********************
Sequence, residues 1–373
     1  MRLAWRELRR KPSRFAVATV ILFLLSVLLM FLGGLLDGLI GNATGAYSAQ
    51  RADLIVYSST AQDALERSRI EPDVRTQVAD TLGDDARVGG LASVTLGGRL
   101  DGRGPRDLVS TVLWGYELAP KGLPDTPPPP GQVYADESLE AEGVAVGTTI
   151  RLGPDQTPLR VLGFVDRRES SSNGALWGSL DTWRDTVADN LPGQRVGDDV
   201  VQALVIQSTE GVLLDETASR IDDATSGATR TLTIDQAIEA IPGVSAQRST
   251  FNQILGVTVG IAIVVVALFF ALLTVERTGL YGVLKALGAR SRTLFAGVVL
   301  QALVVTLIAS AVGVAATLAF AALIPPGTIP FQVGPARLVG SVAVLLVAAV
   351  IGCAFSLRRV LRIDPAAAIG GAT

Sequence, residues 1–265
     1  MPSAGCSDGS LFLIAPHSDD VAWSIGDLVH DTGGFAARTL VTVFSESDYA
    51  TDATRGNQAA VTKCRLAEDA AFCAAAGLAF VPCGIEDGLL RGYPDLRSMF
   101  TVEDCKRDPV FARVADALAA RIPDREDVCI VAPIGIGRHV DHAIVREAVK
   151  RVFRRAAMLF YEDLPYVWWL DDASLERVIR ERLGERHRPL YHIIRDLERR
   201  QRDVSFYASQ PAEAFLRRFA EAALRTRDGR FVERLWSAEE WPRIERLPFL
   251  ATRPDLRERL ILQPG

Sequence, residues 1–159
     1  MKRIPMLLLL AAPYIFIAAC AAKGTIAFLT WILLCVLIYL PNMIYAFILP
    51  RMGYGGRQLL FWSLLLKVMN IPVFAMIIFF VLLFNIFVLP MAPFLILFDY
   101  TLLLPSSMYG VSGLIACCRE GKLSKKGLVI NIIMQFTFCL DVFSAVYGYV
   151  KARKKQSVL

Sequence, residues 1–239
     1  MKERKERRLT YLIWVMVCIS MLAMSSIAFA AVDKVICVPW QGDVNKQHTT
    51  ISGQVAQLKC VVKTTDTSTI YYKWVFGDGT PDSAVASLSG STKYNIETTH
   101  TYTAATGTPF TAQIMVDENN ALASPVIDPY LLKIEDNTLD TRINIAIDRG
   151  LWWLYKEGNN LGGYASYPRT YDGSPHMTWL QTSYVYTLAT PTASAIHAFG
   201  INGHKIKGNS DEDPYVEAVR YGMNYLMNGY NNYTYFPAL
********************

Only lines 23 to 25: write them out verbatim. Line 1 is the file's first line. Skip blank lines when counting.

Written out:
     1  MKERKERRLT YLIWVMVCIS MLAMSSIAFA AVDKVICVPW QGDVNKQHTT
    51  ISGQVAQLKC VVKTTDTSTI YYKWVFGDGT PDSAVASLSG STKYNIETTH
   101  TYTAATGTPF TAQIMVDENN ALASPVIDPY LLKIEDNTLD TRINIAIDRG